Replete with history
This beautiful cave temple was not only conserved well, but also expanded with additional structures by the Pandyas in the 13th Century A.D. and the Nayak rulers in the 16th and 17th centuries A.D.
TIRUPPARANKUNRAM is a pilgrim centre sacred to Lord Subrahmanya. It is situated 8 km south west of Madurai.
To the Saivites, Tirupparankunram is one of the fourteen sacred places of the Pandyan region connected with the Saiva religion.
Among the Nayanmars, Thirugnana Sambandar (7th century A.D.) has sung songs on Lord Siva of Tirupparankunram.
Sundarar, the last of the Thevaram trio, who lived around 825 A.D. is said to have visited the Siva temple at Tirupparankunram accompanied by Chera, Chola and Pandya, the three crowned monarchs of the Tamil country. Sundarar has sung eleven songs on Siva.
The hill at the centre is the chief attraction as well as sacred spot of this village called Paramgiri.
The hill is 300 feet high and has two cave temples one on its northern face and another on its southern face.
During the Sangam Age (1st - 3rd century A.D.) this hill was associated with Subrahmanya and not Siva.
But during the Bhakti age (7th - 10th century A.D.) it was associated with Siva and not with Subrahmanya.
Following the post-Sangam work, `Tirumurugatruppadai', written by Nakkirar, this place is today associated with Arupadai Veedu or the six holy abodes of Subrahmanya.
In the Sangam classics, this place is referred to in `Ahananooru' (vv.59 and 149), `Paripadal' (v.17), `Kalittogai' (`Palaikkali'-27 and `Marudakkali'-93 and `Maduraikkanchi').
In all these references, this place is connected with Subrahmanya, or Skanda-Karttikeya, locally called Murugan.
It seems highly probable that during the early centuries of the Christian era, Tirupparankunram was connected exclusively with Subrahmanya and then during the medieval period (600-925) it was exclusively connected with Siva.
The earlier tradition regained only after 825 A.D.
This beautiful cave temple was not only conserved well but also expanded with additional structures by the imperial Pandyas in the 13th Century A.D. and the Nayak rulers in the 16th and 17th centuries A.D.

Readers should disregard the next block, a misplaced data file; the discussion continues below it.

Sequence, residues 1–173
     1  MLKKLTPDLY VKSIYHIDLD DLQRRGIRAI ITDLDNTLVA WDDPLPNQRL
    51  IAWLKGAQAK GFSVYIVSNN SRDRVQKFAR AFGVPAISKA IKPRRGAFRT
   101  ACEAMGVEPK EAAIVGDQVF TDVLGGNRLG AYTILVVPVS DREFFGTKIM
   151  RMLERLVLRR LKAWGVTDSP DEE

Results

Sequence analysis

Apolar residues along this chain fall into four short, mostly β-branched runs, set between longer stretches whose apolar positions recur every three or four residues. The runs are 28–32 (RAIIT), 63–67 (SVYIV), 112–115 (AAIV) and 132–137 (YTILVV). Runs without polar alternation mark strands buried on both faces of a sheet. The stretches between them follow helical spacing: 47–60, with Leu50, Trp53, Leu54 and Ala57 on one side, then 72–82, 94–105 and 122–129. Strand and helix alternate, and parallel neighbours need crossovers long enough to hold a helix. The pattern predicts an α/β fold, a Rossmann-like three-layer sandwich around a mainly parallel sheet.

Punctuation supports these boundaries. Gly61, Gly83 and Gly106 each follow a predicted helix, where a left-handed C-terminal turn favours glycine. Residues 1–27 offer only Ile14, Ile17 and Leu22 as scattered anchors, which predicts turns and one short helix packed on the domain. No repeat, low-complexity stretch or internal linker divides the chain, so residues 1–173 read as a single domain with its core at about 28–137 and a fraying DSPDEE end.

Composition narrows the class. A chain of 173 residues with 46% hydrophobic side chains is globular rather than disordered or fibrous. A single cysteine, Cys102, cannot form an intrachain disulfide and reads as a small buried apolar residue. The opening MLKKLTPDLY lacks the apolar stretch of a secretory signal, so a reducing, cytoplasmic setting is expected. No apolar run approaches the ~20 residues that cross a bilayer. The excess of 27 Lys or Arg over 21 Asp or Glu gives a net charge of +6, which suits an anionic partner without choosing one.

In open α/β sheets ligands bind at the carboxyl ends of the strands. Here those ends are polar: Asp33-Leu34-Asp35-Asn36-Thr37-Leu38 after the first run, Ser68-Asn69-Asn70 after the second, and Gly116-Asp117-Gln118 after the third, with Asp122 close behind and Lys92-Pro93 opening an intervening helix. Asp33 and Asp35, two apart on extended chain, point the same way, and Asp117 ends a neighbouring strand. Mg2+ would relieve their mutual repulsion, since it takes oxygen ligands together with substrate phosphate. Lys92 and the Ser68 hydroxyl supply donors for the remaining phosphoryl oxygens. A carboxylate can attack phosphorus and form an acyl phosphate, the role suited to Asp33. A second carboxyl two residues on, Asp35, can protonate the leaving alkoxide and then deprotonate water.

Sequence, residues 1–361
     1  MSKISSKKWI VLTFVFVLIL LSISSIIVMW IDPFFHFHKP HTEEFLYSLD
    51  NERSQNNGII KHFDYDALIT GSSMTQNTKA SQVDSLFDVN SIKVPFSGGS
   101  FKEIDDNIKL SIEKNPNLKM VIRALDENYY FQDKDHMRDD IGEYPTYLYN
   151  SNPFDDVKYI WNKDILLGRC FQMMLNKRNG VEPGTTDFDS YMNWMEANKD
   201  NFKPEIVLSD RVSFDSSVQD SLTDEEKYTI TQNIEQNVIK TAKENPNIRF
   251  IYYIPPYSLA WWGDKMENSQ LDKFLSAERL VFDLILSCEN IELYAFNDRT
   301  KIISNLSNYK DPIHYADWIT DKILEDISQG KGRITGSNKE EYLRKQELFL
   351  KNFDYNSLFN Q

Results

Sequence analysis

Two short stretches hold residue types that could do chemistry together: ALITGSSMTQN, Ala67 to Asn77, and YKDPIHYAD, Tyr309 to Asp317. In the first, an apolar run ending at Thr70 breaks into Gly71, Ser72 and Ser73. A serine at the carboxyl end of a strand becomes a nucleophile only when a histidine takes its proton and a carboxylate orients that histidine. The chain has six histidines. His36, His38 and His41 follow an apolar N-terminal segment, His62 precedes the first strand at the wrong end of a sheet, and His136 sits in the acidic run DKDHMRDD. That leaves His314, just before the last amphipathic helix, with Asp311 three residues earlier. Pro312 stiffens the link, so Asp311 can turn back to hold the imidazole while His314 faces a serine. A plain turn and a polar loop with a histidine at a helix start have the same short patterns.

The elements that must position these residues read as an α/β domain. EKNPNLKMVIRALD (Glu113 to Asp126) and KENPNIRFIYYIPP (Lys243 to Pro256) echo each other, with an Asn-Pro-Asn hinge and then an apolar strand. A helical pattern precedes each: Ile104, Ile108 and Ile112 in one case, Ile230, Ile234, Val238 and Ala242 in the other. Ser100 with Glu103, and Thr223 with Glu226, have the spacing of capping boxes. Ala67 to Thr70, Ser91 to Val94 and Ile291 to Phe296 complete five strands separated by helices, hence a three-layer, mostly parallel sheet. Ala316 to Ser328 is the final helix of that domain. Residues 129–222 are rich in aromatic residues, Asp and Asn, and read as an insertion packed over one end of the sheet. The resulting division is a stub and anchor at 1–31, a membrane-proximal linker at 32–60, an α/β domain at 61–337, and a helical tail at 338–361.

Veerappa Nayak (1572-1595) added a seven-tier gopura and a huge compound wall to this temple complex in 1583. Tirumalai Nayak (1632-1659), the greatest among the temple builders in the Nayak dynasty, built a mandapa with eight pillars just in front of the cave temple complex. This mandapa has the portrait sculpture of Tirumalai Nayak with two of his royal consorts.
Rani Mangammal, one of the greatest woman- administrators in South Indian history, being the regent of her grandson, Sokkanatha Nayak (1689 - 1706), added to this temple an `asthana mandapa' which is the entry point today. Upon the roof of this mandapa, there are a number of stucco figures of gods and goddesses, which serve as an excellent facade.
There is another cave temple on the southern face of this hill. This temple, popularly known as Umayandar Kovil, is not under worship, but is well maintained by the Archaeological Survey of India.
Fortunately having no structural constructions added to it, the temple maintains its pristine beauty as a cave temple with all the features peculiar to the Pandyan caves. The two stumpy pillars and plasters in front, with exquisitely carved lotus medallions, show that this cave belongs to the 8th century A.D. It was further excavated during the 12th - 13th centuries A.D. adding an east facing cella with a beautiful bas-relief of Rishabantika Ardhanareeswara.
The south-facing wall has two big bas reliefs - one of Nataraja and the other of Subrahmanya with his two consorts.
The hill has in its western face a Jain cave with Brahmi inscription of 1st century A.D. Atop this hill there is a structural temple dedicated to Lord Siva, called the Temple of Kasi Viswanatha.
A big boulder in front of this temple has the bas reliefs of the Jain cult - of Parsvanatha and Bahubali.
Near this Siva temple there is a dargah, commemorating Sikkandar, the last ruler of the Madurai Sultanate, which came to an end at the hands the Kumara Kampana, the heroic Vijayanagar general and the son of Bukka.
Bukka was the younger brother of Harihara, who together founded the Vijayanagar Empire in 1336 A.D. as a bulwark against Muslim invasion.
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